Skyrocketing energy prices and the consequences of the invasion of Ukraine are encouraging some global leaders to expand hydrocarbon production in the Arctic. If this goes ahead, it would be a disaster.
The Arctic is warming faster than any other region on Earth. But even as climate change threatens its unique ecosystems, and as thawing permafrost undermines its physical human infrastructure, some powerful voices are using the current energy crisis to call for increased oil and gas production in this most vulnerable part of the world.
This we believe would be both environmentally catastrophic and economically wrong-headed.
At WWF, we have long opposed further oil and gas extraction in the Arctic. Not only is it one of the most pristine environments left, it is also uniquely vulnerable to pollution and accidental spills. It is difficult for operators to respond to disasters in this remote region, there is no effective way to clear up oil spills in sea ice, and low temperatures slow natural processes that break down spilled hydrocarbons.
In recent years, a growing number of Arctic governments have slowed or stopped further oil and gas development. Greenland has banned oil exploration, while Denmark, Sweden and the Canadian province of Quebec have joined the Beyond Oil and Gas alliance with the aim of facilitating the managed phase-out of oil and gas production. For years, Canada’s federal government has had a temporary ban in place on offshore oil drilling in the Arctic.
But the invasion of Ukraine and the urgent drive to close energy markets to Russian oil and gas has led some countries to reconsider their green ambitions. In addition, rocketing energy prices have raised the prospect of expanding oil and gas extraction in the Arctic.
Going to the edge
In Norway for example, the government is proposing an expansion of exploration in the pristine ice edge in the Norwegian part of the Barents Sea. The ice edge, which is teeming with biodiversity, is critical for the survival of many threatened Arctic species. Meanwhile, Canada is mulling a review of its current moratorium on Arctic drilling and is considering starting new production in Bay de Nord in Newfoundland. And efforts to scale up production in Alaska, including in the Arctic Refuge, are back on the table.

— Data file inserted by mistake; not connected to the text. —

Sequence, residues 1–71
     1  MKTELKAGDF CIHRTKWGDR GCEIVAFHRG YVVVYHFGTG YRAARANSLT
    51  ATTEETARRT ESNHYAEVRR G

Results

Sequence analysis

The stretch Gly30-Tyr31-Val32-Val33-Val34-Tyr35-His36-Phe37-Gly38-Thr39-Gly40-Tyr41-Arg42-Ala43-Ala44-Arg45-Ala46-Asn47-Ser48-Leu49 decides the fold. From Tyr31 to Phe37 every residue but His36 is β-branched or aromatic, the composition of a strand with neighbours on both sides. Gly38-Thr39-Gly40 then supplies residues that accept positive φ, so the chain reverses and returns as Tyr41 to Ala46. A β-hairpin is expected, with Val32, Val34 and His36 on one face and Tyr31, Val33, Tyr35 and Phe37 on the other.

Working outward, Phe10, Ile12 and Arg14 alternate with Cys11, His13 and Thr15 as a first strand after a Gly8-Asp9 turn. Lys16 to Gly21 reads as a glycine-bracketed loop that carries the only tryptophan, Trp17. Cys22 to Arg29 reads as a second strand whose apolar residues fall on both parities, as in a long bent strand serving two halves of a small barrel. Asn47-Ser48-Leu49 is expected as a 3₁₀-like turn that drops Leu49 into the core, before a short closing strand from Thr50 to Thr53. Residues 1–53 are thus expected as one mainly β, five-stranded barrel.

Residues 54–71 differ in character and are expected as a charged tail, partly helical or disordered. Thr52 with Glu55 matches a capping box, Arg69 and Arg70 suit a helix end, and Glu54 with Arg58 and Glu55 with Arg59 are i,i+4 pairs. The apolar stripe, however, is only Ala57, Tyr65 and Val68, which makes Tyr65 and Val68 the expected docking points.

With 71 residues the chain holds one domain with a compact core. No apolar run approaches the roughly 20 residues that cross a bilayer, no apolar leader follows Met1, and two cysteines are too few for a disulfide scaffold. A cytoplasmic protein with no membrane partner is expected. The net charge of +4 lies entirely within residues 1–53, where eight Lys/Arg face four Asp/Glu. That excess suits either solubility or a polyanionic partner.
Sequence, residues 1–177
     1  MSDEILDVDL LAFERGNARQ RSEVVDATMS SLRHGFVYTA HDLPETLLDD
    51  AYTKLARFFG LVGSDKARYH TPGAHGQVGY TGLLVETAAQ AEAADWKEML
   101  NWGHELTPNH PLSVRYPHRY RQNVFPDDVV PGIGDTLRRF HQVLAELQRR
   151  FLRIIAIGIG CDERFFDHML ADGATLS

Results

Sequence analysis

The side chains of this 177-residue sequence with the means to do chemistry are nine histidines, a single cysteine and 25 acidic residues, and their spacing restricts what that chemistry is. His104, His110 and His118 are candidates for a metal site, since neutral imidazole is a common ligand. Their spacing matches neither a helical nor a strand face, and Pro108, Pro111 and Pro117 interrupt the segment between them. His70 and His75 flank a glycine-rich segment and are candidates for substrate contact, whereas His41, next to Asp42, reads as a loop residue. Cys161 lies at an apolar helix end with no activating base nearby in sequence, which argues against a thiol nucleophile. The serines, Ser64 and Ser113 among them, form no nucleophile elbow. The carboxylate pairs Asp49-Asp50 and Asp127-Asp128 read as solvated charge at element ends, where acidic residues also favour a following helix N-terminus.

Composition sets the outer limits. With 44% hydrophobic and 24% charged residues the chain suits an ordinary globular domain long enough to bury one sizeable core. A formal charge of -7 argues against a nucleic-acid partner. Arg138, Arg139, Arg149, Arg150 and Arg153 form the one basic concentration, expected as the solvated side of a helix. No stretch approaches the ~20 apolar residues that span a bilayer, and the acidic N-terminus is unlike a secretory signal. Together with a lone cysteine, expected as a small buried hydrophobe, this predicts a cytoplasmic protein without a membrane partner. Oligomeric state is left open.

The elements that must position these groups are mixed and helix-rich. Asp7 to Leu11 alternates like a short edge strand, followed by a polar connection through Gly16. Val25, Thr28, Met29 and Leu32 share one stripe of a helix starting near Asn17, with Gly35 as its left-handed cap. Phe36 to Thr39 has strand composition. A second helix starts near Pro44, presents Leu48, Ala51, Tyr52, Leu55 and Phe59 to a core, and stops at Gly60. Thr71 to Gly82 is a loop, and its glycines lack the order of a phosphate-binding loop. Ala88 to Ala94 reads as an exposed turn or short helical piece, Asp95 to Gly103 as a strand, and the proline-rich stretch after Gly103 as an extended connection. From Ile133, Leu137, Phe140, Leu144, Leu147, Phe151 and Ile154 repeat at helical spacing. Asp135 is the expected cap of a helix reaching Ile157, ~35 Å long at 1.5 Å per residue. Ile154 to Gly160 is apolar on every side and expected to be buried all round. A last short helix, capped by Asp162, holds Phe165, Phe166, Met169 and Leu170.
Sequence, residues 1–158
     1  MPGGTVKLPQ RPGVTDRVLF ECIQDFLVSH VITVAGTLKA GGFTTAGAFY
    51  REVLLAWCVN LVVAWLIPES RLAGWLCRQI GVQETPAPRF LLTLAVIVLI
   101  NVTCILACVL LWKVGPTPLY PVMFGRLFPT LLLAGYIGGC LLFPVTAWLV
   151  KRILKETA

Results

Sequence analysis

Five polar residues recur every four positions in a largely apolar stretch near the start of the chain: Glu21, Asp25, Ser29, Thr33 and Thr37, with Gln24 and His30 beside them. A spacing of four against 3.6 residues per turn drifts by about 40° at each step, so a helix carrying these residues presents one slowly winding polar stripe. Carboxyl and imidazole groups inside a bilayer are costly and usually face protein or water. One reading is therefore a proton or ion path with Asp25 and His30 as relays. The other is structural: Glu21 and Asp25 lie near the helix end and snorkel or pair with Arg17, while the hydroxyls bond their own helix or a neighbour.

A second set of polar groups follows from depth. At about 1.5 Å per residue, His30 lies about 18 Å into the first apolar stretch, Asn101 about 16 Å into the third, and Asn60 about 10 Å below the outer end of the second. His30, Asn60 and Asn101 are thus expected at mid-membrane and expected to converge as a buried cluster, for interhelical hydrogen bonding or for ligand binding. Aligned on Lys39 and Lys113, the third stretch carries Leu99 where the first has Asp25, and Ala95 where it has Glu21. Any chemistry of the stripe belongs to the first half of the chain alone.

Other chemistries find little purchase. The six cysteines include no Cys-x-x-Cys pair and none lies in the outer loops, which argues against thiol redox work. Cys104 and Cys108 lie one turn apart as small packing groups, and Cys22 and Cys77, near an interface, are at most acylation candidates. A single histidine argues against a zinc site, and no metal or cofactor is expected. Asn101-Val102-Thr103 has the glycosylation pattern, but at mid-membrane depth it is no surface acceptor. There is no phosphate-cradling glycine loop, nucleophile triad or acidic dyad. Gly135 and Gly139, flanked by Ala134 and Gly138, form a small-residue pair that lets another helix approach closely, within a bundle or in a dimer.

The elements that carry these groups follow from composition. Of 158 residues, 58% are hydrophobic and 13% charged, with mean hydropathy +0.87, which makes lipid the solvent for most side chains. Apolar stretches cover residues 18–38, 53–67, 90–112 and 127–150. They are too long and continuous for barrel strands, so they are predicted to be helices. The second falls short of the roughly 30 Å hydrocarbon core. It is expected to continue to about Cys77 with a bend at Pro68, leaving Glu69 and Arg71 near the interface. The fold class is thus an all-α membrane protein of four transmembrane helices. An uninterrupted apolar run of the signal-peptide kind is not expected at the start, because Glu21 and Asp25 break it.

The environmental case against increased production in the Arctic is clear and irrefutable. Not only does drilling offshore increase the risk of disastrous spills, threatening wildlife, habitats and communities, but the increased greenhouse gas emissions from greater fossil fuel use will accelerate climate change in the region. Average temperatures in the Arctic were 3.1°C above pre-industrial levels in 2019, compared with the 1°C average increase globally. Last month, a polar heatwave meant temperatures were a staggering 30°C above usual levels.
That level of warming is literally eroding the very foundations of hydrocarbon extraction in the region. Much of the oil and gas infrastructure is built on permafrost which is thawing. This is necessitating many millions of dollars of investment simply to shore up existing capacity. Indeed, one of the worst pollution disasters in the region in recent years – an oil spill by Norilsk Nickel which polluted two rivers within the Siberian Arctic – was also related to abrupt permafrost thaw.
An expansion of oil and gas extraction is also economically misguided. Energy prices have indeed risen sharply in response to a supply shock caused by Russia’s invasion of Ukraine. The sharp rise in prices is likely to be a short-term response to the invasion of Ukraine, and prices are predicted to return to levels lower than before the invasion. If new projects are given the go-ahead based on current oil prices, investors could easily see their investments stranded.
In addition, most energy analysts believe that oil and gas demand is in decline as the world acts in response to climate change, meaning that any new oil or gas extraction would ultimately be for nothing. That’s because it takes an average of 16 years before newly discovered resources can enter production, and so any new finds would only be coming on stream once the energy transition was well underway. Indeed, the current crisis is likely to accelerate this transition, as energy security considerations join concerns about climate change as strong reasons to rapidly move beyond fossil fuels.
One side effect of Russia’s diplomatic and economic isolation is likely to be heightened peril for the Arctic and for the environment more broadly: Its government’s already lukewarm readiness to act on climate change is likely to evaporate altogether. The Russian government will likely respond to western sanctions with environmental deregulation. A lack of investment and access to knowhow will accelerate the deterioration of its infrastructure in the Arctic and increase the risk of incidents.
All of this makes it even more important that other Arctic nations resist pressure to increase their own exploitation of the region’s natural resources. Instead, countries across the world must redouble their commitments to conserve this most precious and vulnerable part of the world against climate change and increasing human activity.